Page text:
Microsoft’s ‘New Boy’

Here is a point that hasn’t been made in all the press hype surrounding the selection of SGI chairman Richard Belluzzo as Microsoft’s online director.

He’s 45.

That’s a serious number. I’m old enough to remember when Bill Gates wouldn’t hand power to anyone over 35. He would hire some middle-aged executive as front-man, run him through his own little corporate maze for a while (while Wall Street types wrote approvingly that he was getting “adult” supervision), then hand him some stock options to go away. It was a game.

Microsoft was a cult of youth. Microsofties had the energy to work all night and the Cluelessness to think this was real life. Microsoft was the template for every Internet start-up that followed it.

The Internet is filled with these kinds of executives. They’re a clichi. Many of them today are female. Certainty Gates could have chosen to buy some nice little Internet company for stock and installed its 20-something head on top of his “Consumer and Commerce Group.” That is, if he had wanted to.

The fact is he didn’t want to. He chose a 22-year Hewlett-Packard veteran; a seasoned executive who was working to turn around “venerable” Silicon Graphics Inc. Belluzzo was executing his plan based on the straight, narrow path toward industry standards (like Windows NT). He’s a “solid” man, not a wild and crazy kid.

A lot of the instant analysis of this move involves Microsoft going more into transactions and less into media. It involves Microsoft trying to unite all its efforts under a single unified brand.

Most of this instant analysis is bunk.

The fact is that Bill Gates is, like the rest of us, getting older. (I know this because he’s exactly five months younger than I am.) He’s a father of two (he had that son of his so I wouldn’t stay ahead of him) who is worried about his posterity (starting charities worth $11.7 billion) and, sometimes, his posterior. He has, almost despite himself, attained a certain gravity, and gravity has begun doing its number on him.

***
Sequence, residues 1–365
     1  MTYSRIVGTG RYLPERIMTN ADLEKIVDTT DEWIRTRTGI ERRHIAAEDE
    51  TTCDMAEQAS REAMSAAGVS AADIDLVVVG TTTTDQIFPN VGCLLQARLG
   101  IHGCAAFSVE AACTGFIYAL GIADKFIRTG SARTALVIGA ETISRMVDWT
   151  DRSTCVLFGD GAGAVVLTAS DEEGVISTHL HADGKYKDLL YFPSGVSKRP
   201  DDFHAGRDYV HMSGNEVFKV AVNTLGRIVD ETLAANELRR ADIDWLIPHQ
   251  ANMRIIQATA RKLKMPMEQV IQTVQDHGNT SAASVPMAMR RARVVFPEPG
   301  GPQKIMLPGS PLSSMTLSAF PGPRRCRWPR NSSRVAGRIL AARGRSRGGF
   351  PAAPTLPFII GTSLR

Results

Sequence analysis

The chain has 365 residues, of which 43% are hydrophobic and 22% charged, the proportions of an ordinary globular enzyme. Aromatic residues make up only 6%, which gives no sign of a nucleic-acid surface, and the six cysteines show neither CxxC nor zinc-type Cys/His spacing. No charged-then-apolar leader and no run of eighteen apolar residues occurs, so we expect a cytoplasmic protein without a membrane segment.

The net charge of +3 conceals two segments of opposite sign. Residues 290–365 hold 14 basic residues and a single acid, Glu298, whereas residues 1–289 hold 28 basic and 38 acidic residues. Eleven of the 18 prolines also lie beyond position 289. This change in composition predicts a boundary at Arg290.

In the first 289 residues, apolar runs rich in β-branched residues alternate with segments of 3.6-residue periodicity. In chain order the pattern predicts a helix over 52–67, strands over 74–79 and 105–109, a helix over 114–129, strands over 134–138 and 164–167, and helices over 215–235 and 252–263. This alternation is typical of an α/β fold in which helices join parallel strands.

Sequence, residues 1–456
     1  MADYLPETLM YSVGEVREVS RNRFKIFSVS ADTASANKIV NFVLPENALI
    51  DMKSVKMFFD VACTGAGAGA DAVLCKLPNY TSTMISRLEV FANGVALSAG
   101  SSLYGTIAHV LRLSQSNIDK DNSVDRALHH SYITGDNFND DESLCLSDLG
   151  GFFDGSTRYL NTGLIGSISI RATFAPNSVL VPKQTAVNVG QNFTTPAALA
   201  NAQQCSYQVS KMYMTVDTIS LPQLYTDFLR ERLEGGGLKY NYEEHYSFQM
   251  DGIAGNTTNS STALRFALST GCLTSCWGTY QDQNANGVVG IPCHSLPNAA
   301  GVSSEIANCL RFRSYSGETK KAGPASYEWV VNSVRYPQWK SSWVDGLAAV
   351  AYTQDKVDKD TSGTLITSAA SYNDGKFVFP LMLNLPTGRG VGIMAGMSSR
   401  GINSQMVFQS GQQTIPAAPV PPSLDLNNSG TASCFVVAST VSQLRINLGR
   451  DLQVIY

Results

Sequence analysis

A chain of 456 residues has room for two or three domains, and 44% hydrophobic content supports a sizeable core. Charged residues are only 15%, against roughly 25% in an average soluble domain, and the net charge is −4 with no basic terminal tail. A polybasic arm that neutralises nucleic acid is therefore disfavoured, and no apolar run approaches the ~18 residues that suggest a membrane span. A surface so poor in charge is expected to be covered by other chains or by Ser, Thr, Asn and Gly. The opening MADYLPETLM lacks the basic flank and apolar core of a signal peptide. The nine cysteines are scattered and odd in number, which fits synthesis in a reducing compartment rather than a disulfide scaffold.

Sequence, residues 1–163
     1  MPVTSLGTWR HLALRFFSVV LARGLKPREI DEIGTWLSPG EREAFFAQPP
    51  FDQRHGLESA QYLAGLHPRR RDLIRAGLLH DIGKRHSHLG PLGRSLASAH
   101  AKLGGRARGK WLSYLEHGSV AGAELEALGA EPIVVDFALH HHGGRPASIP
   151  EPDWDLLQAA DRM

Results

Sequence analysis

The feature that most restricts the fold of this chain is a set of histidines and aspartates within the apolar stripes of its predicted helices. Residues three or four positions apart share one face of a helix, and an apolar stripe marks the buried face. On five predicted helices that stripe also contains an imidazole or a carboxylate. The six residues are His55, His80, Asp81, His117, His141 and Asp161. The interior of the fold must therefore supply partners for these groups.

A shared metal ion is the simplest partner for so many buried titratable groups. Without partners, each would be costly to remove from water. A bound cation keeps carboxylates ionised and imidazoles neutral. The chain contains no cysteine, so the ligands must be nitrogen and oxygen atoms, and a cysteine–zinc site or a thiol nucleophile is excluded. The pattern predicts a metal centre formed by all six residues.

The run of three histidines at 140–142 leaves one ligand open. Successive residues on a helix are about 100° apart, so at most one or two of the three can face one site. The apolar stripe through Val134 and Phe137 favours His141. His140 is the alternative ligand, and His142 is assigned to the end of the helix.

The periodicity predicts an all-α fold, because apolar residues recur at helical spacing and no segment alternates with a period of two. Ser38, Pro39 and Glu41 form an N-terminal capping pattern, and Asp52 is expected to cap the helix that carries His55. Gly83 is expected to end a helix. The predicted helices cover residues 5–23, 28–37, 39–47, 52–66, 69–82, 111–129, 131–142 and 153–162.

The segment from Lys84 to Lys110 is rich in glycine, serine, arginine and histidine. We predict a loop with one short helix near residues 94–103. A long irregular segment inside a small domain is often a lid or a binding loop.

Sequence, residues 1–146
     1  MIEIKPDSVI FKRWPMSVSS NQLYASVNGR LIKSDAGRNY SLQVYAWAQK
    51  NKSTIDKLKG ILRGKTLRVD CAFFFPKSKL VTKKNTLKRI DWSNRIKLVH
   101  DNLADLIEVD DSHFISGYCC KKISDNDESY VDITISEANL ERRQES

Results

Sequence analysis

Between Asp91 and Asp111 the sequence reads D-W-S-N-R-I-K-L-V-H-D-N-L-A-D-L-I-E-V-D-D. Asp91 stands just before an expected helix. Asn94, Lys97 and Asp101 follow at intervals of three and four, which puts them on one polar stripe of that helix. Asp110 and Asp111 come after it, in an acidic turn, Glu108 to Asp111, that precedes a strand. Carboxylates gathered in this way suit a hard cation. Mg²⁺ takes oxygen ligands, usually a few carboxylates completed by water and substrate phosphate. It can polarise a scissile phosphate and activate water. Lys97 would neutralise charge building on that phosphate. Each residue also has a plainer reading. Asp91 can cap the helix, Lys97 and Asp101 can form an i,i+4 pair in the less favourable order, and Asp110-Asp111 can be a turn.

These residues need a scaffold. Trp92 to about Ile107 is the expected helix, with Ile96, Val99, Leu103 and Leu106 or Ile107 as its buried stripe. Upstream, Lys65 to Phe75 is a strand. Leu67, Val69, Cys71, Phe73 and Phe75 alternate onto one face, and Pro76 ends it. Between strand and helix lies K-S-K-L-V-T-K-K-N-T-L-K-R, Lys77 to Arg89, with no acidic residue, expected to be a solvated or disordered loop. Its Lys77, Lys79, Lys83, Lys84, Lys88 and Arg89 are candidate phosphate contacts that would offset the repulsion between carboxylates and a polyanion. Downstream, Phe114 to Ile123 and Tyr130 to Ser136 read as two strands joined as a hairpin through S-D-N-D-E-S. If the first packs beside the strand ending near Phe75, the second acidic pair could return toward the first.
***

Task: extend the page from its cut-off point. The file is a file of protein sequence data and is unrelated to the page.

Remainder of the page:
At our “advanced” age, Bill and I like to be surrounded by men (and women) who remember the same presidents we do, who don’t need history books to remind us of November 22, 1963 (or August 9, 1974). We like to look in someone’s eyes and know they at least remember the thrill of fearing the draft, if not actually being drafted. We like to think that somewhere in the closets of those we trust is an original disco suit, maybe even a bong.

What this move means to me is that in about 10 years ol’ Gigadollar may be hiring jowly 55-year-olds for his executive ranks, and replacing the Coke and Snickers in his snack bars with ginseng drinks and Viagra.

People try to put us down, just because we get around. The things they do look awful cold. Hope I die before I get old. If you don’t recognize those last two sentences, Bill and I don’t trust you, no sir. You’re too young.

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